Bumblebee Review: A heartfelt addition to a franchise that had lost its way
A film that follows the same trajectory of Spielberg’s classic E.T. the Extra-Terrestrial
The first fifteen minutes of Bumblebee had me fooled. It seemed every bit a Michael Bay movie like all the previous five films in the Transformers franchise, even though this is the first film he isn’t directing and is only serving as an executive producer. It opens with a frenetic CG-bolstered fight sequence between the Autobots (the good, peace-loving, shape-shifting robots) and the Decepticons (the bad, power-hungry ones), a proclamation that the universe is in danger, and that Earth holds the key and an Autobot has to save their race. Think of it as the Superman of robots. But what follows is nothing like any of the preceding films in the franchise, as the film then channels its other executive producer, Steven Spielberg.
Director: Travis Knight
Cast: Hailee Steinfeld, John Cena, Jorge Lendeborg Jr
After Bumblebee crashlands onto Earth spectacularly, he is cornered by US ranger and Sector 7 agent Jack Burns (John Cena) only for Blitzwing, a Decepticon, to show up, tear the place down, and be the one responsible for damaging Bumblebee’s voicebox, before getting taken down by our titular character. Bumblebee, exhausted by the fight, then transforms into a cute Volkswagen Beetle. This car eventually manages to find its way into the hands of angsty emotional loner, Charlie Watson (a fantastic Hailee Steinfeld), who befriends the alien, gives him his new eponymous name and tries to help out the alien, all the while trying to keep him away from the government’s clutches. If reading that paragraph reminded you of Spielberg’s classic E.T. the Extra-Terrestrial, know that you are not alone. This film follows much of the same trajectory as that masterpiece.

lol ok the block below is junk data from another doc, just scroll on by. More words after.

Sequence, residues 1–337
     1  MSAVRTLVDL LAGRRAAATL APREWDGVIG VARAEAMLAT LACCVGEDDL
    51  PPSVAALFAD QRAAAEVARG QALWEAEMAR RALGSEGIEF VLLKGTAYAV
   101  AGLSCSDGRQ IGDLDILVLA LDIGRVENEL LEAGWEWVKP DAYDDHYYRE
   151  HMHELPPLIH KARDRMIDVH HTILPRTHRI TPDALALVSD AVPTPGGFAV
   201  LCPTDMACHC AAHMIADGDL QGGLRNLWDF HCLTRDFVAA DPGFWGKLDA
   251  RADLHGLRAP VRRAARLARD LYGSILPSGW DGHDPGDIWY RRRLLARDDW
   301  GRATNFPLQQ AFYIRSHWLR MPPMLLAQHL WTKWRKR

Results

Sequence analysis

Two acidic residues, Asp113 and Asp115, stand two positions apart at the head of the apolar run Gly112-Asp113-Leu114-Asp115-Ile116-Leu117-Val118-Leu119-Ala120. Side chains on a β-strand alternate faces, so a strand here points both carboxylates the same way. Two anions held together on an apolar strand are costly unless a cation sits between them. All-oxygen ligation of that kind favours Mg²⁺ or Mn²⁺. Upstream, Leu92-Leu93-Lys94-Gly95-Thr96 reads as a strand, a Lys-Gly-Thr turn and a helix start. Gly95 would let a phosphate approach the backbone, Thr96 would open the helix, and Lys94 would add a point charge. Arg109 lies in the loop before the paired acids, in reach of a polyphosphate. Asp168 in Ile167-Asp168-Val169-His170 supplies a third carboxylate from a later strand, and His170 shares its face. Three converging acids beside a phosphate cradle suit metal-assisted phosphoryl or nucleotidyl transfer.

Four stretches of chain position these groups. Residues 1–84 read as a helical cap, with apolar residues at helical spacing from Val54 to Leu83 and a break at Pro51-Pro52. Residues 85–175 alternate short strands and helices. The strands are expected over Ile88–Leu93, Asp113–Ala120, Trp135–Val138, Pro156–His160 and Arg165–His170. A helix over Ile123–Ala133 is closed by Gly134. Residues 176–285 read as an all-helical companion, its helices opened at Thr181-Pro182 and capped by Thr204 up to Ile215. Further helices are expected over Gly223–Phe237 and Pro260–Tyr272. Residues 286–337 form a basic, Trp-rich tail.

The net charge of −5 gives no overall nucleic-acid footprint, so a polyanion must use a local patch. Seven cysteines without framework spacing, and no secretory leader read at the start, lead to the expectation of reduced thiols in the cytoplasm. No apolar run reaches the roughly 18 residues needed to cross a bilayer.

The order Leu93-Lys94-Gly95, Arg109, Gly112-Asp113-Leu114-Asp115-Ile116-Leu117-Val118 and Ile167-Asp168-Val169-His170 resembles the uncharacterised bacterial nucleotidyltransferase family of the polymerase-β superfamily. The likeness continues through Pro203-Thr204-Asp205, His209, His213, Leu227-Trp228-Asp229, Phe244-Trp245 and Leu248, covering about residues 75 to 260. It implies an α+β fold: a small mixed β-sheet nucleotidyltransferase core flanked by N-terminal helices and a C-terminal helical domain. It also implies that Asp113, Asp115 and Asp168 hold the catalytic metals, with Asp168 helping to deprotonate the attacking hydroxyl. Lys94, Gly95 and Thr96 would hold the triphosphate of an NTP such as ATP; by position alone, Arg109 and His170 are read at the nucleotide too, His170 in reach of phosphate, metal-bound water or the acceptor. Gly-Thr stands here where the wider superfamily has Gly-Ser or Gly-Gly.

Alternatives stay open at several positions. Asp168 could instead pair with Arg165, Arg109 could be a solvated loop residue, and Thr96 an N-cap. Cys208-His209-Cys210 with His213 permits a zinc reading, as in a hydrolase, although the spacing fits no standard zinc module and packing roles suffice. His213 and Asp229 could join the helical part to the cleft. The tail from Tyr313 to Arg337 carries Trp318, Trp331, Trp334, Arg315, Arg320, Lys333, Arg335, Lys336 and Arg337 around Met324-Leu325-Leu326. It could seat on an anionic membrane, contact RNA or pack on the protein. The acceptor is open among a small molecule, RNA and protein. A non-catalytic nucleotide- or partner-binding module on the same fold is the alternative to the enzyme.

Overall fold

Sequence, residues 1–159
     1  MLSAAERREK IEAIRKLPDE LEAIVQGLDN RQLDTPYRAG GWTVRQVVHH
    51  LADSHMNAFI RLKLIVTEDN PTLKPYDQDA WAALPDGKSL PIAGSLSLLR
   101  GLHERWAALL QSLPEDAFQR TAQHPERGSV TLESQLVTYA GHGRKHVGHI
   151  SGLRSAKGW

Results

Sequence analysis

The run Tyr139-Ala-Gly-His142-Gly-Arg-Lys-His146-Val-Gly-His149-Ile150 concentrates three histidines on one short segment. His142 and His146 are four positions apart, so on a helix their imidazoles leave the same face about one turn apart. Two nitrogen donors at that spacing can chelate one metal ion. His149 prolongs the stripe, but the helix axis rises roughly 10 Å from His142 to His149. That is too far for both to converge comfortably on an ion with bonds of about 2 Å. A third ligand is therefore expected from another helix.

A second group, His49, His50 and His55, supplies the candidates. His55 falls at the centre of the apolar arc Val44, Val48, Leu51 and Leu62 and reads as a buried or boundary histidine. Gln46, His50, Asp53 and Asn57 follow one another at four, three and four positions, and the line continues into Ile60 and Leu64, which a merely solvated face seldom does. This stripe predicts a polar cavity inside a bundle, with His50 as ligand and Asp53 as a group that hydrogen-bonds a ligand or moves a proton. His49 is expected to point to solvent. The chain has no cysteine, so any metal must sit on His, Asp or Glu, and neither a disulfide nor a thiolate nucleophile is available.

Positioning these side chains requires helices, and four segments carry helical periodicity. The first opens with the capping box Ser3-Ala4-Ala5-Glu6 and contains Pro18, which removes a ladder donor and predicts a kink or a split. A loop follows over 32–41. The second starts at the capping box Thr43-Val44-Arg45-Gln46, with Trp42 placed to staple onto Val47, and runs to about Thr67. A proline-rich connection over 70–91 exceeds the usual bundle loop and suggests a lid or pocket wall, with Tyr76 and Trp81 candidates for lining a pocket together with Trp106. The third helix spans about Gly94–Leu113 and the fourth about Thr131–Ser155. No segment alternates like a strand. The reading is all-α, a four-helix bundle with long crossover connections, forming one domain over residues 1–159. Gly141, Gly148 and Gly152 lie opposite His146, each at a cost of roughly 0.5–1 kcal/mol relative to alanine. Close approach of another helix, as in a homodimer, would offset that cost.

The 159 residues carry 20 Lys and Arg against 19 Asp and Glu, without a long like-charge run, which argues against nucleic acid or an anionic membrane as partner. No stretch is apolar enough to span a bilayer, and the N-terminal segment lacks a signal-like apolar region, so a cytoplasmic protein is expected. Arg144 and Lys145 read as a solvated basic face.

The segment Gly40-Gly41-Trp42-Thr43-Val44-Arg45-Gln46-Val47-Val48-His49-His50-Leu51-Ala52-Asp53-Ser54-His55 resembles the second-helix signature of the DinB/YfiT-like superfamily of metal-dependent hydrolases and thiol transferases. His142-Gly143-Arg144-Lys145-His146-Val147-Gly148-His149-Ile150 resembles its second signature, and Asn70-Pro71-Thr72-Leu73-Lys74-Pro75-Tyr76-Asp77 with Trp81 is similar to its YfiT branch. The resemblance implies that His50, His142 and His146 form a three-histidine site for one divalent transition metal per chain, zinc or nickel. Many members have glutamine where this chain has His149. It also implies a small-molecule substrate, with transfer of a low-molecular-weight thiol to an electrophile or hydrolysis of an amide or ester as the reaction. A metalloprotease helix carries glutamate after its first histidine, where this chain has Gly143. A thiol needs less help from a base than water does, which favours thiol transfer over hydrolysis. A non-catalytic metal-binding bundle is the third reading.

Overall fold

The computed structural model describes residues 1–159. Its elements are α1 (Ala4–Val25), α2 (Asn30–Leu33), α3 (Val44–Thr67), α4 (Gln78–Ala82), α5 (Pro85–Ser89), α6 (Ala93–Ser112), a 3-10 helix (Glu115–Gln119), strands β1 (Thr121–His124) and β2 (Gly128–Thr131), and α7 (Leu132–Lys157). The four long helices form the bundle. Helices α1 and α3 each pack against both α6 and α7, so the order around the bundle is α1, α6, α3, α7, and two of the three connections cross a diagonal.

Travis Knight made his directorial debut with the Academy Award-nominated Kubo and the Two Strings. Bumblebee is just his second directorial and he finely balances the character-driven alien stories of Spielberg with the glitzy, larger-than-life fights of Michael Bay. Gone are those fast edits that made the action choreography of these robots difficult to watch. Instead, Knight has taken the time to be gentle with the transformations, almost as if to remind us that this is a film based on a line-up of Hasbro toys. Gone also are the thumping sounds and screeches that dominated the Autobot fights. In comes the late 80s music headlined by The Smiths, which acts as a link between not just Charlie and Bumblebee, but also the audience and the characters on screen. In one particular sequence, a Sam Cooke number coincides with an emotional story of Charlie and her dad, and moves us to tears.
What is most impressive about Bumblebee are things we didn’t even realise we wanted. In a series that has so far only portrayed women as eye-candy, to make this film’s female protagonist a young adult, who, while having an ambition, is still conflicted enough to grow through the film, is a major step we cannot discount.
Similarly, the film also gets us to care a lot for Bumblebee, who is cute with the antics and at various times, reminds you of Pixar’s Wall-E. When was the last time you saw a coming-of-age story of both a robot and a human at the same time? The film is, however, not without its flaws. It recycles a lot of content from previous films. And the fights and cinematography, while not chaotic and overlong like in the earlier films, are not particularly impressive either.
Some characters are mere props and feel out of place in a film with so much depth. That said, amidst all the crash, bang, and wallop of Transformers, the franchise gets back its heart in the form of Bumblebee.